• Any value of power below the
maximum can be transmitted at two
different values of VR. The normal
operation is at the upper value, within
narrow limits around 1.0 pu;
• The load power factor has a significant
influence on VR and the maximum
power that can be transmitted.

## 21. 6. Performance of a TL (under load)

(b) Line connected to sources at both ends
As in the no-load case, assume the magnitudes of the source
voltages at the two ends to be equal.
• The midpoint voltage is midway in phase between ES and
E R;
• The power factor at midpoint is unity;
• With PR>PNAT both ends supply reactive power to the line;
with PR<PNAT, both ends absorb reactive power from the
line.

## 22. 7. Power Transfer and Stability Considerations

Let δ be the angle by
Equating real and imaginary parts

## 23. 7. Power Transfer and Stability Considerations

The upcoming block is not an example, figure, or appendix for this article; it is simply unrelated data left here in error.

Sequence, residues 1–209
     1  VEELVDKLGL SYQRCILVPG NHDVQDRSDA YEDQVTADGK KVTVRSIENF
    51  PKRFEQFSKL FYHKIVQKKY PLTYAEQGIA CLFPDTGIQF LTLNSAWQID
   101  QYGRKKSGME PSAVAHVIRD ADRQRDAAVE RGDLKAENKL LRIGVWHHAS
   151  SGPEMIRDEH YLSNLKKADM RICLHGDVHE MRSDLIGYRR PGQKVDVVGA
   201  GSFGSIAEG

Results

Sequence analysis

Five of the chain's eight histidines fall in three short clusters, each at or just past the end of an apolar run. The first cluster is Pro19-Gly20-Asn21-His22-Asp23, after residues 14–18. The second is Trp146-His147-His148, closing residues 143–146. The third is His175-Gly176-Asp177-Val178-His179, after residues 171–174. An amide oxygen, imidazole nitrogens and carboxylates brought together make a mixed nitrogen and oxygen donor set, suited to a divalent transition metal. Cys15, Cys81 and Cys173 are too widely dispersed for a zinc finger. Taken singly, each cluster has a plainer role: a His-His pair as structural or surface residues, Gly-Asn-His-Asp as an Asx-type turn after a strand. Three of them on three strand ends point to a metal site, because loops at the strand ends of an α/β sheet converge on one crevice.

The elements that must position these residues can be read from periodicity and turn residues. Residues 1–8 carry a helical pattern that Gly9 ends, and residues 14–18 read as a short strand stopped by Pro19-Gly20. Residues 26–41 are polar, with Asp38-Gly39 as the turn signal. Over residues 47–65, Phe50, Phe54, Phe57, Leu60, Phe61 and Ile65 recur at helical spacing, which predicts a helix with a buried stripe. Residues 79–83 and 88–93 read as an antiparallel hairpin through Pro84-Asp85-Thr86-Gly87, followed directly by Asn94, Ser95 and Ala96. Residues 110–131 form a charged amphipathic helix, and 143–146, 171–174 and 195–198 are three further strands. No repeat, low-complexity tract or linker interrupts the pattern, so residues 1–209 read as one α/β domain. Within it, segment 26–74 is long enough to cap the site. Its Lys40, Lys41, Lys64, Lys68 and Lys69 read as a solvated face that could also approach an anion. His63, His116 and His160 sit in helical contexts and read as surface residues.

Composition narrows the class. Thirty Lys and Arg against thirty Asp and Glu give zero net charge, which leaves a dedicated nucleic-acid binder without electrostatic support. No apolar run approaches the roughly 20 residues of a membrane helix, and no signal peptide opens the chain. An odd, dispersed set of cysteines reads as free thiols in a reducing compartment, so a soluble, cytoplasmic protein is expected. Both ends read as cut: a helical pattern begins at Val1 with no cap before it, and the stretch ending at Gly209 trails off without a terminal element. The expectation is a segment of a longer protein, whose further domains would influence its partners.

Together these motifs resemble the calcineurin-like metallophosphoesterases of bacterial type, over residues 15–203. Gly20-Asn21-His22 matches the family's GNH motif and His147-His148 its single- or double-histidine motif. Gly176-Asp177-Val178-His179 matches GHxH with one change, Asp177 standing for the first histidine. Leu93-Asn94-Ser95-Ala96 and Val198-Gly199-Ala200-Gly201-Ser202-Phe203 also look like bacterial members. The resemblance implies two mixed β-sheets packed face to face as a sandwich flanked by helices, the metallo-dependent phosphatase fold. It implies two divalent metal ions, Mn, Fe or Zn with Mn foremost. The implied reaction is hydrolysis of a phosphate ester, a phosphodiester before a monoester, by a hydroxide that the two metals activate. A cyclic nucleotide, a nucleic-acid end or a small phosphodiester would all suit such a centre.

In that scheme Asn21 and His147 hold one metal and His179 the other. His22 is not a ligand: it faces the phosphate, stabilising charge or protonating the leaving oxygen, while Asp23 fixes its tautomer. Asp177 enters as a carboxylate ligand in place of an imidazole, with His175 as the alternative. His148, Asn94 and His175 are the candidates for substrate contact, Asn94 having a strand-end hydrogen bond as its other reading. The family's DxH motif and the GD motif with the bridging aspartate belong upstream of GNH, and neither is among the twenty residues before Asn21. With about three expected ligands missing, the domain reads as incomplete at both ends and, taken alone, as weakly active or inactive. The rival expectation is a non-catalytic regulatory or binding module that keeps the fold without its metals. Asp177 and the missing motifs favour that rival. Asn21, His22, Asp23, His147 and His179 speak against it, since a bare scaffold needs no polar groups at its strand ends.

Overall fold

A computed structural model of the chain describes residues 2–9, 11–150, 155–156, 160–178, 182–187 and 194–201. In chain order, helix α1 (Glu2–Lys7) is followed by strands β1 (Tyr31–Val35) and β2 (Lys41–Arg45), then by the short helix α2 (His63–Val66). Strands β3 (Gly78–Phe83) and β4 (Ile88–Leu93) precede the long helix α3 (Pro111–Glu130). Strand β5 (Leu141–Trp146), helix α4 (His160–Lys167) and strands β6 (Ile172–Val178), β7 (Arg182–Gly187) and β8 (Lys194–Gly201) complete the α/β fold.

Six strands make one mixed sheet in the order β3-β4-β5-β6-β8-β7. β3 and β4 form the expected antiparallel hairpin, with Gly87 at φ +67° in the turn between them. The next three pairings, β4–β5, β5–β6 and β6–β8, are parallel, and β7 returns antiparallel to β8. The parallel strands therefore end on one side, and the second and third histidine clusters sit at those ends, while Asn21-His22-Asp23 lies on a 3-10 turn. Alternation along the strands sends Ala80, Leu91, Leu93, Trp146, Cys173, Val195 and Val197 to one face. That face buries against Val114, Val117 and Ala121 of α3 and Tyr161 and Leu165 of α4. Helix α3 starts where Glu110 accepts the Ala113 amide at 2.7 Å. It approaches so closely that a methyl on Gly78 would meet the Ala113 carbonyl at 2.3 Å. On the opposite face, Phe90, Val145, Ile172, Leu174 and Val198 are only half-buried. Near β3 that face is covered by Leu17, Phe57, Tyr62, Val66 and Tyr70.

As the load angle is increased, the
transmitted power increases. This is
accompanied by a reduction in the
midpoint voltage Vm and an increase in
the midpoint current Im so that there is an
increase in power. Up to a certain point
the increase in lm dominates over the
decrease of Vm. When the load angle
reaches 90°, the transmitted power
reaches its maximum value. Beyond this,
the decrease in Vm is greater than the
accompanying increase in Im, hence, their
product decreases with any further
increase in transmission angle.

## 24. 8. Reactive Power Demand

1. Using lossless line equations, solve the case for the line with
fixed (known) sending end voltage and shunt reactor with
XR impedance installed at receiving end.
2. Using lossless line equations, solve the case for the line with
fixed (known) sending end voltage and impedance XS and
shunt reactor with XR impedance installed at receiving end.
3. Determine the maximum voltage at line with fixed sending
end voltage, l = 500 km, XS/Zc = 0.3.
4. Determine the necessary ratings of a shunt reactor installed
at the receiving end of a 750 kV, l = 500 km, XS/Zc = 0.3, PSIL=
2000 MW line to ensure UR=1.05Umax (maximum allowable
voltage).
5. Using data from the 4th task (assuming that you have chosen
the reactor), find maximum voltage on the line (value and
coordinate).